As a PR practitioner, I swim in the exciting, though sometimes tepid or even shark-infested waters of social media every day. As a mother of three children (Generation Z) including a 17-year-old, I’ve had serious concerns about the impact of social media on my kids. Today’s children are facing issues with which no previous generation has had to grapple. It’s amazing how my beautiful daughter Juliette has navigated these dangerous waters with grace and aplomb. I applaud her. Those waters would have killed me.
Social Media Impact on Kids
In two weeks, social media experts from the fields of psychology, social work, education and childhood development will gather in New York City to explore ways young people traverse this new, radically changed way of friendship. The symposium is called Just a Click Away! How Social Media Influences our Children’s Social Development.
The meeting will focus on key, practical issues including:
- How can parents and professionals support a healthy connection between social media and social development?
- What are outcomes of these experiences over time?
- What specific social media platforms are appropriate at each developmental stage?
The Symposium is organized by The Meeting House, a NYC-based nonprofit offering a unique program that helps children, either mainstream or with developmental issues, who need assistance in strengthening their social and emotional skills.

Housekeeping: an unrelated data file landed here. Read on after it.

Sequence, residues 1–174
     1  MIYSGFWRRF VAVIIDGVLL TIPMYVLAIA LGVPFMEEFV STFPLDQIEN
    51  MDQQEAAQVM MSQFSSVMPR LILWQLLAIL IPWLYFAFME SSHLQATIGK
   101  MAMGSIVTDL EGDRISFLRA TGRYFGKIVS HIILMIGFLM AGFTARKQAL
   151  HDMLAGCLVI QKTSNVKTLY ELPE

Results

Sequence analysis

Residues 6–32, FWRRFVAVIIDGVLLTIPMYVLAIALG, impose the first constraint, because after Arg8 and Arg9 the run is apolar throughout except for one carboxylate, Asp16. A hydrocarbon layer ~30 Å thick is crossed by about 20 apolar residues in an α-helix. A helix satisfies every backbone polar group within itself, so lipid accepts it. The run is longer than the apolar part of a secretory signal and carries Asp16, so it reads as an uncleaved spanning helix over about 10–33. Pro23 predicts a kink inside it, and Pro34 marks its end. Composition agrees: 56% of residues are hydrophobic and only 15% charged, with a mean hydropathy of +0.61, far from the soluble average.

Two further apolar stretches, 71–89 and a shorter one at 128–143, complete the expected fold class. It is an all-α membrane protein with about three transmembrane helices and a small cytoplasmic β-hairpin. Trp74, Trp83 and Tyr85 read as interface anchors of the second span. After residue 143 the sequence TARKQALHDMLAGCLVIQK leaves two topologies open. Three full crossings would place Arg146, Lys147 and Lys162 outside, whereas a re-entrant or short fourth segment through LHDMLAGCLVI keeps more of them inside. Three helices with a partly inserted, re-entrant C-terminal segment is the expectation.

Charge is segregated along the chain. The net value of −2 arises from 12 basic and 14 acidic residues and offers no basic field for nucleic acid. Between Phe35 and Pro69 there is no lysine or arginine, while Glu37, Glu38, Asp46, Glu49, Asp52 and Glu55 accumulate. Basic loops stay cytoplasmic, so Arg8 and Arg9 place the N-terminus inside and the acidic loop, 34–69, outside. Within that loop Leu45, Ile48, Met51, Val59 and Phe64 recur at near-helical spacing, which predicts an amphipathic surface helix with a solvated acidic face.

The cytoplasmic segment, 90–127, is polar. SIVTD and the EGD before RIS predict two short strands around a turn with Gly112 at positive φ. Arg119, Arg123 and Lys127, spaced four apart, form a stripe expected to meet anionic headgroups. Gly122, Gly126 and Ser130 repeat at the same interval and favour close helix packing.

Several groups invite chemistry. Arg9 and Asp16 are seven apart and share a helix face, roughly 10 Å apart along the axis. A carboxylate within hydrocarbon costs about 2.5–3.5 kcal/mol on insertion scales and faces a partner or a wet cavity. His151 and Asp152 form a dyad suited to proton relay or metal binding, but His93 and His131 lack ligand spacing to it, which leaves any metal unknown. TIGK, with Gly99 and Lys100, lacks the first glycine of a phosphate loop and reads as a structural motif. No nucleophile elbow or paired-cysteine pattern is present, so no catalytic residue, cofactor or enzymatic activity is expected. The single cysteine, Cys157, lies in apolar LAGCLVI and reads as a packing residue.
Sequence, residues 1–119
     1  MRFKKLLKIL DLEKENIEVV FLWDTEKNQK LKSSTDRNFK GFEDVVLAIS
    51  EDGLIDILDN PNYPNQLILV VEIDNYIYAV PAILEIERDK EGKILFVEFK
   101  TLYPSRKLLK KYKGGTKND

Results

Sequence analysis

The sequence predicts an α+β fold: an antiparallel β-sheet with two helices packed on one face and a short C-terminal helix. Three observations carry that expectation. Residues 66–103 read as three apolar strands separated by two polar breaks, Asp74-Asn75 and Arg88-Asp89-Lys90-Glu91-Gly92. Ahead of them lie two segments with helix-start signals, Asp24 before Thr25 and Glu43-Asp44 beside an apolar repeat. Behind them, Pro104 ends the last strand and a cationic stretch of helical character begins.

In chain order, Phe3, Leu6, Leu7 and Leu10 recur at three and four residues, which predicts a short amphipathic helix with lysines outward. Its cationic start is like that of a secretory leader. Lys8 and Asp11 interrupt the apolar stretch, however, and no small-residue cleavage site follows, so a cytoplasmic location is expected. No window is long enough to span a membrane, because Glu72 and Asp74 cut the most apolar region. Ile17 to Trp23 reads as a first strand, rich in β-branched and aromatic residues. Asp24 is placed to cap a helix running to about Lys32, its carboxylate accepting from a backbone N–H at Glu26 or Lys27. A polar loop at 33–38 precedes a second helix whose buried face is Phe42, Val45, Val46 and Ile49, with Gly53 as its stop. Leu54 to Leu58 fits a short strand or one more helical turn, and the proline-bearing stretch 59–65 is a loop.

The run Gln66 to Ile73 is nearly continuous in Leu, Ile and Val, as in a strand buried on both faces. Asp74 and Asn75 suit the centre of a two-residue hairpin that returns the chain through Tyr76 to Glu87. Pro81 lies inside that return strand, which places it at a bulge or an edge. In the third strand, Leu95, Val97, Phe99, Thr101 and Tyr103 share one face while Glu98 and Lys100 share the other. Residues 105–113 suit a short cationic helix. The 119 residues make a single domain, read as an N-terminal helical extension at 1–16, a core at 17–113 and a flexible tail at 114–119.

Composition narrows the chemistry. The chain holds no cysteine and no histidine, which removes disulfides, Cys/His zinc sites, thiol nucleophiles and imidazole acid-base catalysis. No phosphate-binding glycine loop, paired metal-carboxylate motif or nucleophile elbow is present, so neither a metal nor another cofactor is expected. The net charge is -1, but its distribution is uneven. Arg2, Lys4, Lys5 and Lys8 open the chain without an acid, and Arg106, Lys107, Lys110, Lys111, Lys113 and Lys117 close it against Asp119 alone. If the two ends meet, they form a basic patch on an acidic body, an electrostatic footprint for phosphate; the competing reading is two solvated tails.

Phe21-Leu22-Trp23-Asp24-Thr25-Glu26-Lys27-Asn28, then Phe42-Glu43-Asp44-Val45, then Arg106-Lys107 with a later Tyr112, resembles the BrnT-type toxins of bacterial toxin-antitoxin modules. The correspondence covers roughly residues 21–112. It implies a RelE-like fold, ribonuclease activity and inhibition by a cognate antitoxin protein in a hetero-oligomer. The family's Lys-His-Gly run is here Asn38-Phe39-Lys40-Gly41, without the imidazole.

According to its founder and executive director Paula Resnick, there is extreme competition for academic placement in New York City. “Kids are competing for spots from nursery school up to post-doc work,” she says. “Lots of programs help them with academic skills, but where they are being left behind is with social and emotional learning. For many children, their future success with teamwork, relationships and future employers depends as much on these skills if not more than their academic records.”
Social media has definitely changed the equations for children not only in New York City, but beyond. It especially creates challenges for kids who find social interactions awkward.
“On the one hand, social media can help provide needed buffer time for more thoughtful responses as well as anonymity for children who are anxious or shy,” Resnick says. “But on the other hand, teasing can now go viral with devastating consequences.”
The Sharing Economy
Today’s children are growing up in a world that thought leaders like Seth Godin characterize as a “sharing economy.” Social media savvy for their generation may be as key to success as academic excellence and the right career path. But social media disasters will also have the potential to be as damaging as major political scandals. Young people desperately need to be guided through both the promises and perils of it all.
The symposium keynote speaker is Dr. Mega M. Subramaniam, an expert on tween social media use. She will be joined by fellow panelists: Orit Goldhamer, Middle School psychologist at The Churchill School; Carl Anhalt, Dean at Fieldston High School; and Janine Francolini, acclaimed Huffington Post social media blogger and founder of the child-focused Flawless Foundation. They will answer questions from parents around the country, and thanks to real-time interactions over Twitter, around the world.
Have you witnessed social media redefining childhood friendship? What’s your number one concern about all this?